CAS IN MADAGASCAR
Located off the southeast coast of Africa in the Indian Ocean, Madagascar is the fourth largest island in the world. Evolving over 80 million years in isolation from Africa, many of the species on Madagascar are found no where else on Earth. For example, 96 percent of all described native ants are endemic, and entomologists predict that only 1/3 rd of all ant species on the island have even been described. In 1998, CAS initiated a four year biological survey on the island continent of Madagascar, spearheaded by the Entomology dept. Although Madagascar ranks as one of the world’s highest conservation priorities, the arthropod fauna of the island is poorly known, especially outside the eastern humid forested regions. Local Malagasy scientists and biology students accompanied Academy entomologists, botanists, and invertebrate zoologists as they collected insects, plants, spiders and other invertebrates in lesser known regions of the island. The results derived from these surveys will provide local and international agencies with important baseline information on the biodiversity of this unique island. For more information about the project and its participants, see the Entomology department’s Madagascar expedition website.
Learn more about the people and institutions involved and our conservation actions in Madagascar.
People and Institutions
Recognizing that most biological research in Madagascar has focused on the island’s vertebrate species, CAS scientists have focused on surveying Madagascar’s invertebrates and plants. In 1998, the National Science Foundation awarded funding to Entomology Dept. chair Dr. Brian Fisher and Academy arachnologist Dr. Charles Griswold for an unprecedented four year arthropod inventory of the island. Recently, Graduate student, Hannah Wood and Dr. Charles Griswold discovered nine new species of Assassin spiders (Eriauchenius spp.) as a result of this survey and they are confident many more wait to be discovered. CAS Botany Curator Dr. Tom Daniel is describing new species of Acanthaceae, commonly known as shrimp plants. All 80% of the shrimp plants from Madagascar are found nowhere else in the world. Invertebrate Zoology Research Associate Neil Fahy created a guide to the land snails of Ranomafana National Park. Additional funding was provided by the McBean Family Foundation, the Oracle Foundation, the Lakeside Foundation, and the Schlinger Foundation to continue research and operate a lab facility in Madagascar’s capital, Antananarivo. Experts from the South African Museum in Cape Town as well as students from San Francisco State University and from Antananarivo University participated in the expeditions and assisted in the processing of specimens. Research continues and future expeditions to the country’s marine habitats are beginning to be planned.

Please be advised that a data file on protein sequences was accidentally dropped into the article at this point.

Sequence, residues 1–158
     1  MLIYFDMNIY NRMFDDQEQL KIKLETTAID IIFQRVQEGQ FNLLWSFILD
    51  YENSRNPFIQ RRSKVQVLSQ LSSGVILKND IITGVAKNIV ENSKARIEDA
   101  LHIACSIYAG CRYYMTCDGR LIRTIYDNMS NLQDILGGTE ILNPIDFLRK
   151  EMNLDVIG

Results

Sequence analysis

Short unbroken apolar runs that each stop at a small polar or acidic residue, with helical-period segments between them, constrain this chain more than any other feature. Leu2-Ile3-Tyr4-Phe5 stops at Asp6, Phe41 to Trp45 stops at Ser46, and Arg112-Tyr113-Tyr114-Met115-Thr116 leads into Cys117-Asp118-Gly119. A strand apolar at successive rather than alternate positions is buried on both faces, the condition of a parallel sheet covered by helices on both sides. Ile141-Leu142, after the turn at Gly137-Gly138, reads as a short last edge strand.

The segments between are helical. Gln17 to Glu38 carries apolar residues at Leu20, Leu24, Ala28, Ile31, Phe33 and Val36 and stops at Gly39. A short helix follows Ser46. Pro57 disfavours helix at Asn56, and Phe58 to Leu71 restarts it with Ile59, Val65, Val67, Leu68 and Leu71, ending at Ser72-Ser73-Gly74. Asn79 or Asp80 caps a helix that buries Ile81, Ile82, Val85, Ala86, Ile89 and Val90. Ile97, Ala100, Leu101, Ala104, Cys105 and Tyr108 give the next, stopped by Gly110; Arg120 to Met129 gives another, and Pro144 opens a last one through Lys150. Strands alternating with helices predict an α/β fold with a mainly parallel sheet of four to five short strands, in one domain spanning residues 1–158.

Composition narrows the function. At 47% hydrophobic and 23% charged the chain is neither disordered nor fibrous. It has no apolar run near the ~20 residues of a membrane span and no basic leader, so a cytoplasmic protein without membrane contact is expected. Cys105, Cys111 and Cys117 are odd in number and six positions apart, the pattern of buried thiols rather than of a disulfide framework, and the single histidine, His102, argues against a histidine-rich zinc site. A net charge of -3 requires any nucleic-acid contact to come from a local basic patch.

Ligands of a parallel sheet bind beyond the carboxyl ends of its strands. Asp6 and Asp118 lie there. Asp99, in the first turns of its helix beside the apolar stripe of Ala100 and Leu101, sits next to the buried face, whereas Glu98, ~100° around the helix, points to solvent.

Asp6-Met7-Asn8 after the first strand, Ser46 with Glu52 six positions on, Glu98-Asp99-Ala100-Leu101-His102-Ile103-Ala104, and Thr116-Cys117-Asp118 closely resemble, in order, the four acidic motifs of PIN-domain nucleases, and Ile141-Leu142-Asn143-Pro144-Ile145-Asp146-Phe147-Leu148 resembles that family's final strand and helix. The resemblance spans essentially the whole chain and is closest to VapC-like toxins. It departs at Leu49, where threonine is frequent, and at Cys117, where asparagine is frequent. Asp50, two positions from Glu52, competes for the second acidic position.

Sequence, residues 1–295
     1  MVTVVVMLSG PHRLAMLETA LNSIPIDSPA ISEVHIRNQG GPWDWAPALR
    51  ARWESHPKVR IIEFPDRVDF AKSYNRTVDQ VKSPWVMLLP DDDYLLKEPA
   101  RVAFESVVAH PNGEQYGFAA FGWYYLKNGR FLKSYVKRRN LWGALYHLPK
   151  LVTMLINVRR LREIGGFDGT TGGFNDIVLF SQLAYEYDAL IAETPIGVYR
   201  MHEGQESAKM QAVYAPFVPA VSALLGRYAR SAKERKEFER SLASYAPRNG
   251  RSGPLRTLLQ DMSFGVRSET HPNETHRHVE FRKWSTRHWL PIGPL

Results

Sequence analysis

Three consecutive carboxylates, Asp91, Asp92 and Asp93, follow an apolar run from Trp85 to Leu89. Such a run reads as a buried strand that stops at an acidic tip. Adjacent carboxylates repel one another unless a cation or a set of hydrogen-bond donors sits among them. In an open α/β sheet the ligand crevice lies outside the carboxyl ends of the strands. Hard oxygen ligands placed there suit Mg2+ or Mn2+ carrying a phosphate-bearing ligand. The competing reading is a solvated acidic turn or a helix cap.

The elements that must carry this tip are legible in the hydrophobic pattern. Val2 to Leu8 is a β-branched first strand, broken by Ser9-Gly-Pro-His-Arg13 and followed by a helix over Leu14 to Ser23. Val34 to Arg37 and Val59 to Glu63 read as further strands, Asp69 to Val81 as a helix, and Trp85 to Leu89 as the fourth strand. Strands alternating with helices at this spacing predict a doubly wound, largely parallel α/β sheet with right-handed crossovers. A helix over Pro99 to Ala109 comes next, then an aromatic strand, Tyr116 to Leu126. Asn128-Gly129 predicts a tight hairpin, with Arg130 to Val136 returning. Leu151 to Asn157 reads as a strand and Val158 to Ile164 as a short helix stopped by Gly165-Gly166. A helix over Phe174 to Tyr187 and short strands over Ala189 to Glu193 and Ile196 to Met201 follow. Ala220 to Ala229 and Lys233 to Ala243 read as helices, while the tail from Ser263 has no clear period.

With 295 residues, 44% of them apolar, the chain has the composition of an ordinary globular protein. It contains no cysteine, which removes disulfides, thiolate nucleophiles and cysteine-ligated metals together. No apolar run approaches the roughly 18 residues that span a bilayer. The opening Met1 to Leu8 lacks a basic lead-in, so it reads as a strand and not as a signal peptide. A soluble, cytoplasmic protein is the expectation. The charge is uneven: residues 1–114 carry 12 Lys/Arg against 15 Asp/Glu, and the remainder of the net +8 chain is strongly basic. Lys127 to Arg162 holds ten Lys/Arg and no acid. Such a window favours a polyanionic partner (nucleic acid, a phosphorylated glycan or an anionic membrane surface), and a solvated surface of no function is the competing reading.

Habitat loss is the largest threat to biodiversity on Madagascar, with 90 percent of the country’s original forest cover already lost. Currently, the Malagasy government is actively committed to increasing the area under protection, as well as improving management of protected areas already designated. CAS’ Madagascar research projects directly support these efforts. Documenting species diversity and analyzing patterns of species richness, turnover, and endemism are critical tools, both for establishing new conservation priorities and for developing management plans for existing protected areas. CAS scientists and our Malagasy collaborators are generating this information inside several nature reserves, such as Ranomafana National Park and Tsimbazaza Botanical and Zoological Park, as well as in poorly known, uninhabited regions with future potential as protected areas. Results are presented online to ensure broad access to the data resulting from our research efforts. We are also training young Malagasy biologists to create the human resource capacity for managing and conserving the islands biodiversity.
Read about new species described by CAS research in Madagascar